Current research topics include practice studies, research regulation (ethics board) policies, built space/place analysis, science/technology museums and the idea of science, and state-created categories for race-ethnic identity, immigrant integration policies and citizen-making practices.
Her most recent book, Interpretive Research Design: Concepts and Processes (Routledge 2012), with Peregrine Schwartz-Shea, is the first volume in their co-edited Routledge Series on Interpretive Methods; and the second edition of their co-edited Interpretation and Method: Empirical Research Methods and the Interpretive Turn has recently appeared (ME Sharpe 2013).
2013 – Jochen Mayerl, for the course Introduction to Structural Equation Modelling
Jochen is researcher and lecturer in empirical methods of Social Sciences at University of Kaiserslautern where he teaches research methods and statistics for the social sciences.
His main research interests in methodology are new developments and applications in structural equation modelling, response effects in surveys, and response latency measurement in computer-assisted surveys.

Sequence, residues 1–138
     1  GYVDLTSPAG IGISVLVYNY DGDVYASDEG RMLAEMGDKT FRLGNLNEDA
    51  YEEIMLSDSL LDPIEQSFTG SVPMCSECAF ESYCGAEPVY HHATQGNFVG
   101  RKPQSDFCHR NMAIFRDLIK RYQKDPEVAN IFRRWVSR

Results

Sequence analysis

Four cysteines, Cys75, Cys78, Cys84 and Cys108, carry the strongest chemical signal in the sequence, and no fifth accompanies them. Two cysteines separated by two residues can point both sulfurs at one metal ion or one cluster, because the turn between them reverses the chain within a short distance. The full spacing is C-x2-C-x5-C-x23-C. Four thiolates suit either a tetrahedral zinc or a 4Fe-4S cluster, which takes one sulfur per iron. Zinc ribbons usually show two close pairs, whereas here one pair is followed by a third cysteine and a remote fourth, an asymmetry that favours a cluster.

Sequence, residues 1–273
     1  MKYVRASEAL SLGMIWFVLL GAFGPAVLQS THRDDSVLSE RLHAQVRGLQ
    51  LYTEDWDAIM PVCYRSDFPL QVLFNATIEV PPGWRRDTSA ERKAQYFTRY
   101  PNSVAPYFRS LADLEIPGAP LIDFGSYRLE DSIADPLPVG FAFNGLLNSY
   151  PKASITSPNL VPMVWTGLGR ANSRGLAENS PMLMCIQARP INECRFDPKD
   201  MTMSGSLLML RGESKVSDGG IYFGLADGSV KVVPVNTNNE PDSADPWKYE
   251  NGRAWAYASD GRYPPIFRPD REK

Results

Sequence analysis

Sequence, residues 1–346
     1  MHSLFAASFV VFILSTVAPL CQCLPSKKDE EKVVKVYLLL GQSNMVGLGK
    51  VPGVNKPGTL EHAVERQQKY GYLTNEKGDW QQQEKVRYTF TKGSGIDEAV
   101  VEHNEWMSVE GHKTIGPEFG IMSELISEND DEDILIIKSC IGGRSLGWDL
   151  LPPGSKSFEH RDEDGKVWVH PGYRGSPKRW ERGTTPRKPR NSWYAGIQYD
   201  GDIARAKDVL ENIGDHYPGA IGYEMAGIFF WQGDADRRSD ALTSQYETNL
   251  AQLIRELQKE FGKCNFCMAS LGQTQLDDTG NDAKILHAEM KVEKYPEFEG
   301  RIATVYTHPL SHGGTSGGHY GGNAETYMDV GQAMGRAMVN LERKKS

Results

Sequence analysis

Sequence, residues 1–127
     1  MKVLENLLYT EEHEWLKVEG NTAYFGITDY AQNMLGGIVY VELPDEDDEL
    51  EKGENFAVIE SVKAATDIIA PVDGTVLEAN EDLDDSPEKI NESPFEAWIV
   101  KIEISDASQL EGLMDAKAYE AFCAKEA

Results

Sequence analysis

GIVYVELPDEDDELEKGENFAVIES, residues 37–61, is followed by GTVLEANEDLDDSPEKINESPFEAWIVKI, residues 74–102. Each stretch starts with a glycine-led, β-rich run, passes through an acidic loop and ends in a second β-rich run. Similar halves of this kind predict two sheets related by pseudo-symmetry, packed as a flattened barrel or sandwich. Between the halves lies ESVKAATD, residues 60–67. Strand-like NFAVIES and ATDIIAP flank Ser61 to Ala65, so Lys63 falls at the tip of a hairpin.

He has published in the field of methodology as well as sociological theory (attitude-behaviour research, bounded rationality, framing) and substantial research (e.g. donation behaviour, environmental concern, ethnocentrism, political attitudes).
2012 – Dvora Yanow, for the course Issues in Political, Policy and Organisational Ethnography
Dvora Yanow, Visiting Professor in Wageningen University’s Faculty of Social Sciences, Communication, Philosophy, and Technology Department, is a policy/political and organisational ethnographer and interpretive methodologist whose research and teaching are shaped by an overall interest in questions of knowing/learning and the communication of meaning in organisational and policy settings.